Boris Johnson is due to meet Nazanin Zaghari-Ratcliffe’s husband to discuss efforts to secure the release of the British-Iranian mother who is in prison in Tehran.
Richard Ratcliffe has secured a face-to-face meeting with the Prime Minister on Thursday as he seeks to increase the pressure to free his wife, who has been detained since 2016.
On Tuesday, Mr Ratcliffe was meeting the UK’s ambassador to Iran, Rob Macaire, who has had his own brush with the Iranian justice system amid soaring tensions.
Fears have increased over Ms Zaghari-Ratcliffe’s chances of freedom after the US killed top Iranian general Qassem Soleimani, causing spiralling tensions in the Middle East.
Downing Street confirmed the PM – who has faced persistent criticism over his handling of the charity worker’s case – would meet Mr Ratcliffe at No 10.
Mr Ratcliffe previously said he wanted to meet Mr Johnson to hear him signal “this is a priority” and that he is “personally taking interest” in the case.
Kate Allen, director of Amnesty International UK, said the meeting was a “welcome step”, adding: “Given recent deeply unsettling events in Iran, it’s now all the more important that Boris Johnson provides proper reassurances to the family that real and concerted efforts are being made at the highest levels to secure Nazanin’s release.”
Ms Zaghari-Ratcliffe, a 40-year-old mother from London, is serving a five-year sentence after being arrested during a holiday with her daughter and accused of spying.
Her family and the UK Government have always maintained her innocence and she has been given diplomatic protection by the Foreign Office.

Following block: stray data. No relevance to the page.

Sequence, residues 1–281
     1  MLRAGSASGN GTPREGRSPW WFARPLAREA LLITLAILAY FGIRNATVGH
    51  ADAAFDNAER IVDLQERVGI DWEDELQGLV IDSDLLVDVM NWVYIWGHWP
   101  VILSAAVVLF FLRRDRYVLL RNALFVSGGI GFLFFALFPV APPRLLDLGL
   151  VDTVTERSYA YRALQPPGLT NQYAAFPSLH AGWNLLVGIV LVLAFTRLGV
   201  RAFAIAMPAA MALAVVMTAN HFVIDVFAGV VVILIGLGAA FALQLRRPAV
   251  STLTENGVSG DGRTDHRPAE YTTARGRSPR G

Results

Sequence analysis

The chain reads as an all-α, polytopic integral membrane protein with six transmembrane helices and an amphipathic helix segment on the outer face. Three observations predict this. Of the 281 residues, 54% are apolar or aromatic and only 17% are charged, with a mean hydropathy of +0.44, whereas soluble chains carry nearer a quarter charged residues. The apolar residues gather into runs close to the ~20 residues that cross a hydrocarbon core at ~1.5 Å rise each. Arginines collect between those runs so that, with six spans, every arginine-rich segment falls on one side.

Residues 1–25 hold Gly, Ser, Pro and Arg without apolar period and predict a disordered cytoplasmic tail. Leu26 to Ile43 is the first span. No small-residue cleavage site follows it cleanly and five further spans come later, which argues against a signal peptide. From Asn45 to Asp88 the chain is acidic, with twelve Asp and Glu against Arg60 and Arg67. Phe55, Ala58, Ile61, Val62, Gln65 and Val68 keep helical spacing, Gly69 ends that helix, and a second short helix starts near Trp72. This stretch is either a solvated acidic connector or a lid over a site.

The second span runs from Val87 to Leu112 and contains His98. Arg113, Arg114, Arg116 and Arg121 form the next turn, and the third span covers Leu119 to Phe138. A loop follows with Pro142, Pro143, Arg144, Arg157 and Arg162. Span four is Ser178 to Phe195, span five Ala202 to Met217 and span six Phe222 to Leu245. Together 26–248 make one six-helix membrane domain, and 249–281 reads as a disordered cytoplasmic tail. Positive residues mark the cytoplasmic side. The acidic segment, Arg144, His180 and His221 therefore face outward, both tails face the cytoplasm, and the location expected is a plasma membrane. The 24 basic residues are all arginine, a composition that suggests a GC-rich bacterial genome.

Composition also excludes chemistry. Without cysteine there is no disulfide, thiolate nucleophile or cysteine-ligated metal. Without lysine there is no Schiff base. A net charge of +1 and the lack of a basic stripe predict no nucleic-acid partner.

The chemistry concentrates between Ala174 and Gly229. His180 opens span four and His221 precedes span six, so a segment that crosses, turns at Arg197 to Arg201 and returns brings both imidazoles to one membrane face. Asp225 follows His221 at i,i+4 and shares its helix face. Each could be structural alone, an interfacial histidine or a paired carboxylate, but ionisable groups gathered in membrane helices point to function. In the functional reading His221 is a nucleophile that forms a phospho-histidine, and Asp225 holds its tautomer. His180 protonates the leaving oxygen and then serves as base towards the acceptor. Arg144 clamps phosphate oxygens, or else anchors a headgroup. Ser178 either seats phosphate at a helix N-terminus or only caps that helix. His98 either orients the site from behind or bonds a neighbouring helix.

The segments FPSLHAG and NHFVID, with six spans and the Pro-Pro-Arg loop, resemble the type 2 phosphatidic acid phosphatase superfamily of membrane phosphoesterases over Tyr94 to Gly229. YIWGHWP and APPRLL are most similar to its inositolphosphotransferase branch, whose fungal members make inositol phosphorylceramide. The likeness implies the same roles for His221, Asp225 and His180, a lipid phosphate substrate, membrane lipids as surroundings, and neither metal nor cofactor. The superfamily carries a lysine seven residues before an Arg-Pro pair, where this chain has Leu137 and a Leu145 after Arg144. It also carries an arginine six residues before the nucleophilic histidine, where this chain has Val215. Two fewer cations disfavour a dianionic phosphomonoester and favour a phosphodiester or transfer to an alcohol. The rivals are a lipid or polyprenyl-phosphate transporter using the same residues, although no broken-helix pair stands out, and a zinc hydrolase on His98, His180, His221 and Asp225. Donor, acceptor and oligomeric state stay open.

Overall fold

Diplomatic protection is a little-used mechanism by which the Government can try to help individuals it believes have been wronged by another state.
It means Ms Zaghari-Ratcliffe’s treatment by Iran is a formal state issue and recognises that the legal proceedings brought against her failed to meet international standards.
Mr Johnson has been persistently criticised for wrongly claiming, when he was foreign secretary, that she was training journalists at the time of her arrest.
Four days later she was summoned to an unscheduled court hearing during which Mr Johnson’s comments were cited as proof she was engaged in “propaganda against the regime”.
“We’ve repeatedly called on No10 to prioritise Nazanin’s plight as well as the other UK-Iranian dual nationals unfairly jailed in Iran, so this is a welcome step from the prime minister.
“Given recent deeply unsettling events in Iran, it’s now all the more important that Boris Johnson provides proper reassurances to the family that real and concerted efforts are being made at the highest levels to secure Nazanin’s release.”
Ms Zaghari-Ratcliffe is among as many as five people with dual British-Iranian nationality, or with UK connections, believed to be in prison in Iran.
Mr Macaire returned to London for talks after being labelled “persona non grata” by Iran’s judiciary, and hardline protesters burned an effigy of the diplomat.
He had been arrested and briefly detained after attending a vigil for the 176 people, including four Britons, who were killed when Iran accidentally downed a Ukrainian jet amid spiralling tension.
There are some hopes that diplomatic tensions could ease between London and Tehran if a long-running £400 million dispute is settled in the Court of Appeal this week.
Iran’s ambassador to the UK, Hamid Baeidinejad, tweeted that if a portion of the debt is assigned to Tehran then it will mean “the legal process of the case is coming to an end and there will be no excuse for default” from the Government.
The sum has been outstanding since pre-revolutionary Iran paid the UK for 1,500 Chieftain tanks in the 1970s.
The deal was cancelled after the Shah of Iran was deposed in 1979, but Britain has refused to heed Iran’s demands to hand back the money.